22 November 2004 00:01 [Source: ICB Americas]
While shifting strategies at chemical companies are often defensive moves or reactions to a changing marketplace, DSM has taken a proactive approach in its evolution into a largely life sciences company.
“Transformation has become kind of a household word for DSM,” said chairman Peter Elverding at a meeting of the Société de Chimie Industrielle-American Section, in New York.
DSM has made great strides in achieving almost all of the goals laid out in its Vision 2005 strategy, which included upping to 80 percent the proportion of sales coming from specialty products and achieving annual sales of €10 billion.
The centerpiece of DSM’s transformation was the divestment of its petrochemicals business in 2002 and the subsequent acquisition of Roche’s vitamins and fine-chemicals operation in 2003. The company took a measured approach in its M&A decisions, first analyzing which types of acquisitions had been most successful in its past and then mapping out—and sticking to—some specific financial criteria.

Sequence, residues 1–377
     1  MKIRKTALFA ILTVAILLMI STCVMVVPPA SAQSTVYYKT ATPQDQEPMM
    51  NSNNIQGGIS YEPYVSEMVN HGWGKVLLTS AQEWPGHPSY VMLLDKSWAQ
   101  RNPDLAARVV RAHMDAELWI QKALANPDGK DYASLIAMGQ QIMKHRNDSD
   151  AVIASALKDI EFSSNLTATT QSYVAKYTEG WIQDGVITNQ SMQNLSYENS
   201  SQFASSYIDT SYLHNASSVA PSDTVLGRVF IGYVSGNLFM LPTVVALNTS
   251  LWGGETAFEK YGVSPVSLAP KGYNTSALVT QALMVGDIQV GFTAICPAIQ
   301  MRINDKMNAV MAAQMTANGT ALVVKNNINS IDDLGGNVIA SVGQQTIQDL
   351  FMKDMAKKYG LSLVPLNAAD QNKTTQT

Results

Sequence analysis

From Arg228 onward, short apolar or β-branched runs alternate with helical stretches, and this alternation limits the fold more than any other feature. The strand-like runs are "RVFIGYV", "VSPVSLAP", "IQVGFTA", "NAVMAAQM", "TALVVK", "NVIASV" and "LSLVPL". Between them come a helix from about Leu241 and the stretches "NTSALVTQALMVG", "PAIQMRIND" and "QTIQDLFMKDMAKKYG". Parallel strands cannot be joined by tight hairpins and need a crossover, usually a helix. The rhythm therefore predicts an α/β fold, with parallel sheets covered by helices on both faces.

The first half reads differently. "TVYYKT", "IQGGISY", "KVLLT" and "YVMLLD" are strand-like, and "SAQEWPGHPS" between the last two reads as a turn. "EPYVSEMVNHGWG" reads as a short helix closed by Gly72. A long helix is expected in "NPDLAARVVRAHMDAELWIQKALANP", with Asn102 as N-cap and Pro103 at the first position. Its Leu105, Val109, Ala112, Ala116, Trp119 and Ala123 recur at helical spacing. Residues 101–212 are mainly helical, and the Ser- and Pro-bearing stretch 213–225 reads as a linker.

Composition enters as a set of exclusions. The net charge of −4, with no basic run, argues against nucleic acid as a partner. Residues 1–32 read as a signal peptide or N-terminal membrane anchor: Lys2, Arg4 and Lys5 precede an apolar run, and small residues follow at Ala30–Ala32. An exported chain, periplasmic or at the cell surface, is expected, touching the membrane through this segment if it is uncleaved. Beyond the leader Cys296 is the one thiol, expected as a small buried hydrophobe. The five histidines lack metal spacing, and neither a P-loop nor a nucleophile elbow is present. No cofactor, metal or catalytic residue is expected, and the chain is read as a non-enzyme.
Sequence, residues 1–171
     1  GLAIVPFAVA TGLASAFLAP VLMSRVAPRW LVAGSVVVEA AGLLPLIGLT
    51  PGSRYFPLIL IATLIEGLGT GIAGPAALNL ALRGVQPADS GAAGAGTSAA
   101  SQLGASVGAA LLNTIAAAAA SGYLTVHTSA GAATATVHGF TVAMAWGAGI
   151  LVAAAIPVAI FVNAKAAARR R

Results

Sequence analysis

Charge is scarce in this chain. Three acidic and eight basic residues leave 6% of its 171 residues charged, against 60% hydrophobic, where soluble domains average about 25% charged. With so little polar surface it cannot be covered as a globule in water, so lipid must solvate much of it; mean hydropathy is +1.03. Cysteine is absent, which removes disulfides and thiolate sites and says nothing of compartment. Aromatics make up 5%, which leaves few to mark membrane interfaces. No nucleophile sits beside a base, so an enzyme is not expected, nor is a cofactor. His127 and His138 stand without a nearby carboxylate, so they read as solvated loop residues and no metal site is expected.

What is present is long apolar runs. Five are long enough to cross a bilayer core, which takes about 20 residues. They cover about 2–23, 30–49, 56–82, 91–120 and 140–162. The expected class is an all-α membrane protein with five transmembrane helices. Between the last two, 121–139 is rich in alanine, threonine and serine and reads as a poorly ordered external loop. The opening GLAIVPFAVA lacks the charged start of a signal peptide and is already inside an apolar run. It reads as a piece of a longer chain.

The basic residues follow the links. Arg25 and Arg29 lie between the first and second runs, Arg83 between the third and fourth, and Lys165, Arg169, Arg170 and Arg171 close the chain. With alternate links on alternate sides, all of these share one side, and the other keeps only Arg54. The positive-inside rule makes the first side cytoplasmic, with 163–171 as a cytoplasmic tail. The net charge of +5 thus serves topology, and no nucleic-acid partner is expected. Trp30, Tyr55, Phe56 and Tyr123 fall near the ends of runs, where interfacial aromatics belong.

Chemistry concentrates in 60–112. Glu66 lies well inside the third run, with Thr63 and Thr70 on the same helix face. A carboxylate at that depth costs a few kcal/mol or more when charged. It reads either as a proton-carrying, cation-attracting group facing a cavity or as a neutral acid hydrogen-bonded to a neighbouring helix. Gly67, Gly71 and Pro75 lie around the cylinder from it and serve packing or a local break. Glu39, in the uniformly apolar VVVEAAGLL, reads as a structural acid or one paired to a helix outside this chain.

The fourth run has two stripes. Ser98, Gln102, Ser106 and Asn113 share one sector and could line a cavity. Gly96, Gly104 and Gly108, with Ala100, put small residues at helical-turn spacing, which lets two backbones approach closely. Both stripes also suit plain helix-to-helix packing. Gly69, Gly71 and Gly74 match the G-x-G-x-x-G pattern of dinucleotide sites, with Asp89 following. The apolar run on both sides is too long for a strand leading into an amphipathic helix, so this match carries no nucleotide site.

Another critical component was easing the integration process by preparing for the post-acquisition situation months to years before the deal had closed. “Most people have a tendency to focus on the deal itself,” notes Mr. Elverding. But companies “have to prepare for that post-acquisition situation.”
Since it set its sights on the life sciences industry, over half of the company’s €8 billion portfolio is in food, feed and pharma markets.
Going forward, the company will look to add to its performance materials segment, with any purchases likely to be in the €500 million range.
For the latest chemical news, data and analysis that directly impacts your business sign up for a free trial to ICIS news - the breaking online news service for the global chemical industry.
Get the facts and analysis behind the headlines from our market leading weekly magazine: sign up to a free trial to ICIS Chemical Business.
Asian Chemical Connections